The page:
Thursday, April 30, 2009

Soft Spring Rain

Today we're getting rain for the morning, and perhaps a let up in the PM - so it may be a riding day after all.  It was about 50F as I turned the horses out, but it's supposed to get up into the mid 60s with little wind, so I left them unsheeted.  They have the grass to focus on so I expect they won't be too uncomfortable.

The mud in the aisle to the pastures is worse than ever - our soil is heavy clay, which is very good for pasture grasses, but makes for very heavy, slippery mud.  I haven't fallen down yet, but I've come close a couple of times.  I have a couple of horses who are willing to be my "helper" - I can put a hand on the horse's neck as we walk through the worst of the mud and that helps me balance.  Oddly enough, Blackjack, who is quite shy and cautious with people, is my best helper.  He's usually very forward going to the pasture, but when I need him to help, I let the lead rope go loose, put a hand on his neck, and he slows down to match my pace and carefully stays right next to me.  It's really quite a lovely thing.

Many of the grassland birds are in serious decline in our part of the world due to increasing development.  Due to our pastures, I often have the good fortune to see wonderful grassland birds that are rare elsewhere.  This morning I saw my first Eastern Meadowlarks - three that were flying up and down and squabbling.  In the summer, I often see them perched on fences, singing their hearts out.  They and the Bobolinks are my favorite pasture birds, and they both have wonderful songs.  One time a number of years ago, we briefly had a flock of Cattle Egrets, following the horses to take advantage of the insects that were stirred up.  We're actually outside their usual range, so that was wonderful to see - they're more of a southern bird.

So, even with the rain, it was a beautiful morning - the rain had that wonderful, soft spring feel, everything was amazingly green and the smells of earth and growing things were in the air.


  1. I loathe mud - but I've yet to see a a real working farm that doesn't have any!! Actually I take that back, in South Carolina we were looking at horses and the soil was so sandy they had no mud. I was very jealous. But they also are very susecptible to dry conditions thanks to that so I guess there is always a trade off.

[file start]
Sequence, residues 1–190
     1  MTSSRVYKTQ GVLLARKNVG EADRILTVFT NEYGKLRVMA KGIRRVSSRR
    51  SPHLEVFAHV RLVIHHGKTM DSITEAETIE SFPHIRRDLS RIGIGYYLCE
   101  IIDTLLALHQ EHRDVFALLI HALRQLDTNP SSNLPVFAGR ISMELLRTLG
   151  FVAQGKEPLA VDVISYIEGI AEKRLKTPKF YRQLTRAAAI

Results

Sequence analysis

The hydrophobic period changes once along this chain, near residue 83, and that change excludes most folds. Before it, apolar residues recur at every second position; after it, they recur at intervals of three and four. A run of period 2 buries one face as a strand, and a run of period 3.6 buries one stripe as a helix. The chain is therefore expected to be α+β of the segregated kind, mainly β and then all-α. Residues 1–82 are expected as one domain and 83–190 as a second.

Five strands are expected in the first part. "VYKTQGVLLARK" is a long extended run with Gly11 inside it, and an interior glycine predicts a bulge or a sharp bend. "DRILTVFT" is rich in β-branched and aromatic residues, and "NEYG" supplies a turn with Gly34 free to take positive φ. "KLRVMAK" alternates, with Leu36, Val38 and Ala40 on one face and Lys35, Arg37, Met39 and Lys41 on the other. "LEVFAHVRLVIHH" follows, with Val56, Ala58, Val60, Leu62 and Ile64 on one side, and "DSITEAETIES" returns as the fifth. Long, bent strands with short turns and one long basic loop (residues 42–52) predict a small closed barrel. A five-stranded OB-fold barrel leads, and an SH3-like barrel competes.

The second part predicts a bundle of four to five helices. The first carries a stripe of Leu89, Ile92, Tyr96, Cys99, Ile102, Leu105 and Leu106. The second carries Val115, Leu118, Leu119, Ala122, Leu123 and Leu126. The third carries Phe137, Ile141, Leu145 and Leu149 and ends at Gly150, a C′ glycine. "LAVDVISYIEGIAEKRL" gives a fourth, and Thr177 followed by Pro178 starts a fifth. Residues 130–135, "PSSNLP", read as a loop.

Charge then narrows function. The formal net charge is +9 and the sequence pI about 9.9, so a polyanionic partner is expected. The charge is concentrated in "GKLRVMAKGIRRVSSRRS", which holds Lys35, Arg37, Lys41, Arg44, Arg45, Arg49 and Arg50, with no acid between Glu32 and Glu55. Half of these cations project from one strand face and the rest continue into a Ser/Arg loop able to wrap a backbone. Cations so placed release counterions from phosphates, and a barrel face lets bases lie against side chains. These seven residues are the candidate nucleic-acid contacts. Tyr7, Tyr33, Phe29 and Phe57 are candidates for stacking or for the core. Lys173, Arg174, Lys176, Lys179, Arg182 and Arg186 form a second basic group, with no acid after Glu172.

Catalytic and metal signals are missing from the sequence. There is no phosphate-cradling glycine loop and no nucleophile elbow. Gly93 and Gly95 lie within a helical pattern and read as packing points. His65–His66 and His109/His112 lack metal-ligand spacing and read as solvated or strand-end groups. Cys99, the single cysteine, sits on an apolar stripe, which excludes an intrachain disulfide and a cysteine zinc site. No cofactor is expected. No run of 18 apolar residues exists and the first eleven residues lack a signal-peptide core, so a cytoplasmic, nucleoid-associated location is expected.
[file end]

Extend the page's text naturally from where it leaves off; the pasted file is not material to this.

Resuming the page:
I wish I had your knowledge about the wildlife species around you. I always just ask Jason who usually knows the answer, although it does make me mentally lazy!

  2. You make me feel so happy. I love how sweet Blackjack is to help you like that. He really is a dear.

    Love the birds too. I still have an undeveloped State Park behind my house, so there are over 1200 acres for the birds and wildlife. But all around is development, and I'm sure we've lost habitat for many creatures.

  3. Ah yes soil . . . there's always the good & the bad, eh? Our Colorado farm is all in sand - the ancient Platte River valley area. What that means is water, ANY kind of water and things will grow . . . no water and you get . . . dust.
    Sand colic is also a concern, but we counter that with a daily flax seed regimen and using a psyllium husk product called SandClear every quarter or so. Although we've had our share of colic's, some sadly fatal, we have been able to rule out sand as a factor.
    Clay . . . ugh. I feel your pain. Wonderful stuff for growth - a pain in the hiney for certain when any digging chores or called for, or wallowing through in wet conditions . . . bravo to Blackjack and his sense of gallantry!


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